Business in brief: Unemployment rises in Spokane
Spokane County’s jobless rate inched upward in June, topping 5 percent for the first time since March. June’s unemployment rate in Spokane was 5.2 percent, up from 4.8 percent in May, according to data released Tuesday by the state.
That’s still better than a year ago: Spokane’s June 2005 jobless rate was 5.6 percent.
For the state as a whole, June unemployment was even with the May rate at 5.1 percent, seasonally adjusted. The national rate for June is 4.6 percent, also identical to the May rate.
Spokane’s biggest changes from May to June were 500 more jobs in construction, 200 new jobs in manufacturing and an increase of 200 jobs in leisure and hospitality.
Statewide, the sectors showing strongest June growth were professional and business services (+1,400), state and local government (+1,300), and health and education (+900).
Moyie Springs, Idaho
Sawmill plans 65 layoffs
A sawmill here has announced plans to cut back to one shift.
Low lumber prices triggered the temporary layoffs at Riley Creek Lumber Co., which begin Monday. About 65 workers will be affected. The remote mill is located near the Canadian border.
Eight-foot studs are the sawmill’s primary product. Currently, log prices are at record highs, while stud prices have plunged to their lowest level since 1991, according to company officials.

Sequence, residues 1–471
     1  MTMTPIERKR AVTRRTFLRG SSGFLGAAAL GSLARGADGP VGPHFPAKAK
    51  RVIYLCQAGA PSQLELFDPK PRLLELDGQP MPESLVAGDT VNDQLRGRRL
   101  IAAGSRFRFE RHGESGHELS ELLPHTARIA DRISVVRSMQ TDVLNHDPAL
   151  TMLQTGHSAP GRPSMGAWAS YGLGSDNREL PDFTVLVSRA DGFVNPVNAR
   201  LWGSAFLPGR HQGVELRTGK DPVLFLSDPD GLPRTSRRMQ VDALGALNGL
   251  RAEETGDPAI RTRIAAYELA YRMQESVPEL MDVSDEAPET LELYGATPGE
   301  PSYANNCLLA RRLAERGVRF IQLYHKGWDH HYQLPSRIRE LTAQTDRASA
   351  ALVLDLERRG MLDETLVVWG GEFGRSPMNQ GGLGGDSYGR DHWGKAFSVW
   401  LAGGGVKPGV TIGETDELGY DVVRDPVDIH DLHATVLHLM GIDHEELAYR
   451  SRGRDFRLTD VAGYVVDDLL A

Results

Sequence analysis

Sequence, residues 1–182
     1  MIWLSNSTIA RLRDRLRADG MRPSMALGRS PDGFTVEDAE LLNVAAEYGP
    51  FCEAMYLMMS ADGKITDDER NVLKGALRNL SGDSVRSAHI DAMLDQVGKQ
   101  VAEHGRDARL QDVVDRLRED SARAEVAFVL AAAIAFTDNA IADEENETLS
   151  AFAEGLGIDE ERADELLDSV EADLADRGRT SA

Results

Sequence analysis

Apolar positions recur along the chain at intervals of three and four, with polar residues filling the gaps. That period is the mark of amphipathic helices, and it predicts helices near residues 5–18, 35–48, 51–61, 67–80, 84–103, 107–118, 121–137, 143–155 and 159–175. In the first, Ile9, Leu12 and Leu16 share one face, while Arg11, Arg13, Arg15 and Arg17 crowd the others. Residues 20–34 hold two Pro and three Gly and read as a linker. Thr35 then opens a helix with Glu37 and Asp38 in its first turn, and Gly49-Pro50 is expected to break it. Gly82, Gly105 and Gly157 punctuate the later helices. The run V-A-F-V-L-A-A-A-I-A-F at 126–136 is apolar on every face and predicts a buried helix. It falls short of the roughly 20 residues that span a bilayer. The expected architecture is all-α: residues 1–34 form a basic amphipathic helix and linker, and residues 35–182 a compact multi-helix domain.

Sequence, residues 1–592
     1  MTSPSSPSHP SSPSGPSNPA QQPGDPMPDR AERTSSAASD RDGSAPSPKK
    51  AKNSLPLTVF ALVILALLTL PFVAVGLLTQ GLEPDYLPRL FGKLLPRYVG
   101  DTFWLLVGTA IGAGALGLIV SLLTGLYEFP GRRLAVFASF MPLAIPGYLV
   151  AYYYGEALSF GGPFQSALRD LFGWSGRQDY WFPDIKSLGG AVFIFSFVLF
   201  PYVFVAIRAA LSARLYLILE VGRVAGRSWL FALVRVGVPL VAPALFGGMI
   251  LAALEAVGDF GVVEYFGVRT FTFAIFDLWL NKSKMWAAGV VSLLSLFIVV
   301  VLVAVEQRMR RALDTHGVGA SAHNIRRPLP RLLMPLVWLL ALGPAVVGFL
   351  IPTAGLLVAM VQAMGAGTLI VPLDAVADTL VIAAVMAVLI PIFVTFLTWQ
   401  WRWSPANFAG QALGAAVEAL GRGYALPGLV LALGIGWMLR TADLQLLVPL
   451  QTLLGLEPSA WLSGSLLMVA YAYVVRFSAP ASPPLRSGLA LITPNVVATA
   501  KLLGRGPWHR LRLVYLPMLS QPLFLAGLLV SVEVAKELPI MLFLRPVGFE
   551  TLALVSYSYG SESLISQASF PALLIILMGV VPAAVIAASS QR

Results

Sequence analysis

Market conditions will be re-evaluated in 60 days, with hopes of restarting the second shift, officials said.
Toyota issues another recall
Toyota Motor Corp. said Tuesday it was recalling about 420,000 vehicles globally, including some Echo and Prius models sold in the U.S., over a faulty engine part.
The faulty part is the latest in a string of problems requiring recalls by Toyota, raising doubts over whether the automaker can maintain quality standards amid booming sales.
The recall affects 268,570 vehicles sold in Japan across 12 models manufactured in 2001, including Corollas, the compact cars Vitz and Platz and the hybrid Prius, the company said in a statement submitted to Japan’s Transport Ministry.
State Farm raises rates
State Farm, one of Florida’s largest insurers, will raise property insurance rates by an average of 52.7 percent this year under a plan approved Tuesday by state regulators.
The company said that the higher premiums will allow it to keep doing business in Florida despite predictions for more hurricanes.
State Farm said spiraling costs for its own insurance against high claims is driving the increase, following two devastating hurricane seasons and forecasts for more.